Over several months, our team of professional mountain bike testers rode each of the electric mountain bikes in our test selection on a variety of trails and terrain in a range of weather conditions. We had each tester ride each of the bikes numerous times, often riding the different models back to back for the sake of comparison. We didn't go easy on them. Instead, we treated them all as if they were our own, putting them through the wringer to identify their strengths and weaknesses. We scrutinized every aspect of each e-bike's performance and scored them all on several rating metrics, downhill performance, climbing performance, power output, distance range, and e-bike controls. Each of these metrics is described in greater detail below.
With mountain bikes already carrying hefty price tags, the cost of adding an electric pedal-assist motor might be enough to send the value-conscious rider's head spinning. In many cases, you get what you pay for, and the most expensive models are the highest performing. This isn't always the case, however, as the Giant Trance E+ 2 Pro costs less and performs nearly as well as its more expensive competition.
Downhill performance is our most highly weighted rating metric because we feel that the most important element of an e-bike is how well it performs out on the trail, especially when bombing down the hill. Each tester rode every bike numerous times and formulated their own opinions of each model, considering how factors like the component spec, geometry, and frame design play a role in its downhill performance. All of the e-bikes we tested were fun to ride, but they all had a different demeanor and trail manners. To test this, we rode the bikes downhill, a lot, and took them down a variety of terrain, from fast and flowing open trails to tight low-speed technical, and everything in between.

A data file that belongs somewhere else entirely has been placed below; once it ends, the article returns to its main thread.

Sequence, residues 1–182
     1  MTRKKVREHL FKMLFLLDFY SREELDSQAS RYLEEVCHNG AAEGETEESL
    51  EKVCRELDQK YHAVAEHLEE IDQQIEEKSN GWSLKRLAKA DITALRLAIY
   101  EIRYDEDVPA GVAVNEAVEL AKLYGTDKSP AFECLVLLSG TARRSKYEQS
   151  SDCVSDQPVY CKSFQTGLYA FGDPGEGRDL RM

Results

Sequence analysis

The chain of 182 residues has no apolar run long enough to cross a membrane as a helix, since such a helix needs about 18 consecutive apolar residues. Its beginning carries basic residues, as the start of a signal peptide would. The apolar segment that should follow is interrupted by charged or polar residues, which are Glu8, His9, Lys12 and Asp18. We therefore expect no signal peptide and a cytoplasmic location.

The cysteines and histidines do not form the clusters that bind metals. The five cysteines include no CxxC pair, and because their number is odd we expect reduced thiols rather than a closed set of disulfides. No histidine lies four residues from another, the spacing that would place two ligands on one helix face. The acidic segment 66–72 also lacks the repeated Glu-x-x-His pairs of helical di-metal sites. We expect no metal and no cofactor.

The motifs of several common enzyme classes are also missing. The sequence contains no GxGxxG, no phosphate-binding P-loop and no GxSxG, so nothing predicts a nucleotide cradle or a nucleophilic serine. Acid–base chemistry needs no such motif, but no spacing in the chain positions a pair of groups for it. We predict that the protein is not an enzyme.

In the end, the Specialized Turbo Levo SL Comp proved to be the tester favorite, offering the most versatile downhill performance that felt the "most like a regular trail bike" that the other models couldn't match. The Specialized is the lightest and proved to be the most nimble and agile by far, yet still managed to be confident and stable at speed. The full-power Turbo Levo was our second favorite on the descents. It has a similar trail bike geometry to the SL version and has more responsive handling than most of the other bikes we tested without giving up any stability or downhill confidence.
The enduro-oriented YT Decoy CF Pro is also very impressive on the descents. The modern geometry, low bottom bracket, generous travel, and quality component spec all combine to make this a hard-charging beast on the descents. The Decoy can't match the versatility or well-rounded nature of the Levo models, but it crushes downhill with authority. The Commencal Meta Power 29 Team falls into a similar category as the YT, basically an e-enduro bike. The Commencal's super long geometry and high-end component spec made this bike an absolute charger at speed and in loose, chunky terrain, though it too lacked the versatility that our testers loved about the Levo.